The EVP recording from the trailer ("I will see you no more") that is attributed to a woman named Ruth Baxter, who died in 1987, is supposedly a recording from Point Lookout, a "haunted" lighthouse in Maryland, made by an EVP researcher named Sarah Estep. The lighthouse was used as a hospital during the Civil War, and some interpretations of the recording believe it to say, "I was seeing the war", or "I was seeing the water". While the recording is said to be authentic by the AAEVP, the Ruth Baxter story is fictional.
The recording used in the trailer that is attributed to Stanley Searles ("I love you") is thought to be the "ghostly" voice of Searles, a former politician who died in 2002. The recording was said to have been made by Searles' daughter, a well-known EVP researcher named Karen Mossey.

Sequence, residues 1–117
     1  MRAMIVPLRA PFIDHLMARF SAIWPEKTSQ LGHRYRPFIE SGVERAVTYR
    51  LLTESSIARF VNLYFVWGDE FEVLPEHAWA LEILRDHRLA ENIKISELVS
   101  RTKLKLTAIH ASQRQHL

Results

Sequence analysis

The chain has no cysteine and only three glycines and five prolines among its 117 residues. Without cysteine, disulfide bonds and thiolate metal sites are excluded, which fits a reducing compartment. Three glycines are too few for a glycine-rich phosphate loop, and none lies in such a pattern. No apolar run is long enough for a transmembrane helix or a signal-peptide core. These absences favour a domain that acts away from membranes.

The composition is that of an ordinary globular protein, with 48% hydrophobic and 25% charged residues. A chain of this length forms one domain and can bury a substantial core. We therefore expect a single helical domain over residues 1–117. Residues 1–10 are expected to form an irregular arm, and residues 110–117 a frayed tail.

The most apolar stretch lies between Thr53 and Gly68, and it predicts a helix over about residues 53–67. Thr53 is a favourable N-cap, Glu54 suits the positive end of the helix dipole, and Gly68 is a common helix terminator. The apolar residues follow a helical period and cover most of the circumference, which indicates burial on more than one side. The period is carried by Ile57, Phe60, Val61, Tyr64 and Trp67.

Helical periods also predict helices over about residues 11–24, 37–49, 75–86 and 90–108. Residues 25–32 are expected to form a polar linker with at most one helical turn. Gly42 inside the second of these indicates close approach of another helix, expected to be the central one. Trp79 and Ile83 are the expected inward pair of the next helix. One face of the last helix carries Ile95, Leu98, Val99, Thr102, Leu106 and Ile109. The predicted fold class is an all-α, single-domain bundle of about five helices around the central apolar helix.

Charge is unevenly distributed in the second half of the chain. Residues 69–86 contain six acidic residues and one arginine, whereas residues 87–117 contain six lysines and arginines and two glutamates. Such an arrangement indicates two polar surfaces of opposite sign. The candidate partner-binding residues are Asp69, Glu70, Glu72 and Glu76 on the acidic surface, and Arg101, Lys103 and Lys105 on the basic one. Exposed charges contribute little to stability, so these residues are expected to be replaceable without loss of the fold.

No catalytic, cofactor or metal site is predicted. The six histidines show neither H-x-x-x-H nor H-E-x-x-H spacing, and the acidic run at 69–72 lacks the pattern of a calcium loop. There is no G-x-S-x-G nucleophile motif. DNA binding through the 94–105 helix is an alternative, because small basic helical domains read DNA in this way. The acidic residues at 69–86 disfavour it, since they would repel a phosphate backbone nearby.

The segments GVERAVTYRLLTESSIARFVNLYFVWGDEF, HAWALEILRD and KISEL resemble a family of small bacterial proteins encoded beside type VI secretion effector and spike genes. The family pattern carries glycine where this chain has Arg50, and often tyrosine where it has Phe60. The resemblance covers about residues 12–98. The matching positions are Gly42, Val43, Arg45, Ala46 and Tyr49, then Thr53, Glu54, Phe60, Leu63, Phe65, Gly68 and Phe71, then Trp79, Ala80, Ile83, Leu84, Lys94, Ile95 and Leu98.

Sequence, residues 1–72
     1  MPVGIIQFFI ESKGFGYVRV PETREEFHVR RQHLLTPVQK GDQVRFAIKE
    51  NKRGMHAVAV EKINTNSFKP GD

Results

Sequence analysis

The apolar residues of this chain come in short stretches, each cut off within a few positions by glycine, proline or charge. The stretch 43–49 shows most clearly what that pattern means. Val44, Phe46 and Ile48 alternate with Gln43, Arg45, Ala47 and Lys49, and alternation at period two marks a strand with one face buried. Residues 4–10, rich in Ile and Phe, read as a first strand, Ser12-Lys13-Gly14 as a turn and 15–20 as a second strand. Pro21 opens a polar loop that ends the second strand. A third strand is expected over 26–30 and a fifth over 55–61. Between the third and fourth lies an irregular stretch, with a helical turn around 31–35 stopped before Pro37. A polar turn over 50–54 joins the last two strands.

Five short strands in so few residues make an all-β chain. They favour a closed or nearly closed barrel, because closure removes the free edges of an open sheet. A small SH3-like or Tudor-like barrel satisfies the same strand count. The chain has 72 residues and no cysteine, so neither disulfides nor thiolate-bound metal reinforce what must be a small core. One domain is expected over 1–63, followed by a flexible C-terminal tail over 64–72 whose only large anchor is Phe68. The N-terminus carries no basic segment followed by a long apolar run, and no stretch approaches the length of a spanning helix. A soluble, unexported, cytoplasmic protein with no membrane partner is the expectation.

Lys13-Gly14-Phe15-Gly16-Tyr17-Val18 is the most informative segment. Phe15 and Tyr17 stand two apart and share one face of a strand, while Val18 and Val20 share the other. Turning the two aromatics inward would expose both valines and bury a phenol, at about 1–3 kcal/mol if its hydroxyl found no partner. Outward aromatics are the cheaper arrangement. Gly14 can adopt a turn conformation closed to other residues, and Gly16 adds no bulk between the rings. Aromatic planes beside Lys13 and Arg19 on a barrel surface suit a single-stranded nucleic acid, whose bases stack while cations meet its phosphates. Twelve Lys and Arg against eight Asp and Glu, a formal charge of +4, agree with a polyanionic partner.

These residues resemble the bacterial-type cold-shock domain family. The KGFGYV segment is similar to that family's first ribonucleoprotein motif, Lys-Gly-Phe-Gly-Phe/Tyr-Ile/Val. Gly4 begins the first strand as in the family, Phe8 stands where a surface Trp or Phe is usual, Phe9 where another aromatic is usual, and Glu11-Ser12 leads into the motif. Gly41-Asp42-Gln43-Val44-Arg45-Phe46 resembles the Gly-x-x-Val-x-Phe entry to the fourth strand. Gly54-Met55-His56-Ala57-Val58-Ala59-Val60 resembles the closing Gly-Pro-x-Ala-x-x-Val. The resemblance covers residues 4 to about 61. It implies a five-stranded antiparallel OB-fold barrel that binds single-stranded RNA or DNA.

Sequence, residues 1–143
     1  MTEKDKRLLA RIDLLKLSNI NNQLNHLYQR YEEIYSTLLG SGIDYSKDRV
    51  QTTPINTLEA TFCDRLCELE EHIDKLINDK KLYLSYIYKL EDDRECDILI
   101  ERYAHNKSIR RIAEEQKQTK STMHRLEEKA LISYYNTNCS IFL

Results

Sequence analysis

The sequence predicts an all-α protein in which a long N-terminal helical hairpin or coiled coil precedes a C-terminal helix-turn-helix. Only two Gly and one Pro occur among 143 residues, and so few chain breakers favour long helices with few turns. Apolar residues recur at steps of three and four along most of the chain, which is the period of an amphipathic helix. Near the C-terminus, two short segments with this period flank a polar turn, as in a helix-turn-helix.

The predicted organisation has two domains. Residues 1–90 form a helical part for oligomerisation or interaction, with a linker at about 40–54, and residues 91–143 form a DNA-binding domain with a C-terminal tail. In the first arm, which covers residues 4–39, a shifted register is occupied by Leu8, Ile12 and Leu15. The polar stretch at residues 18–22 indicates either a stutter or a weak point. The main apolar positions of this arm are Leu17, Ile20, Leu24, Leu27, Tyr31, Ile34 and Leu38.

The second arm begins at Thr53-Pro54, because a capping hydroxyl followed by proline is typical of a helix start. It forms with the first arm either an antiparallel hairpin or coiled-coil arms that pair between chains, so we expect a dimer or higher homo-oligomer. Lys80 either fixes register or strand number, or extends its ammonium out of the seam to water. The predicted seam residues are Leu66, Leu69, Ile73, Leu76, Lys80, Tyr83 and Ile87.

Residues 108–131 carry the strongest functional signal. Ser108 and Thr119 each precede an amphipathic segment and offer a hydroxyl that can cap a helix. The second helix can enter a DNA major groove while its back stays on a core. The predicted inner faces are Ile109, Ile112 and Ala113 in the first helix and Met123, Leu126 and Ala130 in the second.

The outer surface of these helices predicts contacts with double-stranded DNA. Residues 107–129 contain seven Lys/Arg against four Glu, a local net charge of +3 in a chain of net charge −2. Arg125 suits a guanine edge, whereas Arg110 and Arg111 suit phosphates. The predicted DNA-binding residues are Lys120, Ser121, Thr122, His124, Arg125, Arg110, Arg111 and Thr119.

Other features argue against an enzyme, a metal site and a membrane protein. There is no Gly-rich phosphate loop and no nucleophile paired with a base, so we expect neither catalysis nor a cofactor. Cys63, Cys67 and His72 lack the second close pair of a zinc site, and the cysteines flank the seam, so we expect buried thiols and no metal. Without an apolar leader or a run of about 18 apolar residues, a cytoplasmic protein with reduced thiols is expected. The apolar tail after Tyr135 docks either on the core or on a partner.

On the DVD commentary, Michael Keaton admitted to "phoning in" some of his scenes, and apologized to director Geoffrey Sax.
EVP (Electronic Voice Phenomenon) is claimed by adherents of the paranormal, to be of "other-worldly origins", and was not invented by the filmmakers.
"Two Men And A Truck" boxes from the Toronto moving company can be seen being used and "Telus" the canadian phone companys phone is used in what is purported to be america.
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